Google introduced the new tag a few months ago to help publishers make their content more easily discoverable, without having to modify their headlines to inject keywords:

The goal is simple: empower news writers to express their stories freely while helping Google News to properly understand and classify that content so that it’s discoverable by our wide audience of users.

Similar in spirit to the plain keywords metatag, the news_keywords metatag lets publishers specify a collection of terms that apply to a news article. These words don’t need to appear anywhere within the headline or body text. News keywords such as “stocks”, “stock market”, or “crash” would be helpful in allowing Google News to better understand the article content for ranking without forcing the editors to water down the creativity of a great headline. Because the metatag appears only as part of the HTML code of a page, visitors to a site won’t ever see the magic under the hood.

Head over to VIP -> Plugins & Services from within your WordPress dashboard to activate the Add Meta Tags plugin and the Google News meta tag on your site—happy SEO’ing!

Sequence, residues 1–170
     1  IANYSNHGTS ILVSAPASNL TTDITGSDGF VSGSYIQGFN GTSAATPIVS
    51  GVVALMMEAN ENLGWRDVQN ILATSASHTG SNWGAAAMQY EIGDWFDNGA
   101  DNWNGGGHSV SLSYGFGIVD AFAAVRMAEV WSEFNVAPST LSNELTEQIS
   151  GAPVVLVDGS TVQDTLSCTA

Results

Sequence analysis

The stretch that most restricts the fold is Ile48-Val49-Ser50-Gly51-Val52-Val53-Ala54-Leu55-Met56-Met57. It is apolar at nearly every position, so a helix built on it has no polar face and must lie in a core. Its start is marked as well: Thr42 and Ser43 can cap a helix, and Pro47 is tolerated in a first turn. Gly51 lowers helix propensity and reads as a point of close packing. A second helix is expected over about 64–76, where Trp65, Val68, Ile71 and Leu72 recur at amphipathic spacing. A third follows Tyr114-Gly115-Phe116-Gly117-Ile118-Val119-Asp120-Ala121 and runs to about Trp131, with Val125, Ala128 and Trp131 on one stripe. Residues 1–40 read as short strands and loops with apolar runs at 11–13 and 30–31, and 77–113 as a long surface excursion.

And thanks to our friends at Metro.co.uk who added the support for news_keywords to Add Meta Tags!

WordCamp SF: Google & What You Need to Know

For publishers looking at the search traffic benefits of WordPress, Matt Cutts from the Web Spam team at Google, offers his take:

WordPress takes care of 80-90% of (the mechanics of) Search Engine Optimization (SEO)

Below is a great video of Matt speaking at WordCamp SF 2009 about how Google search works and what publishers should be doing to ensure proper indexing:

[ Slides from Matt’s presentation available on mattcutts.com ]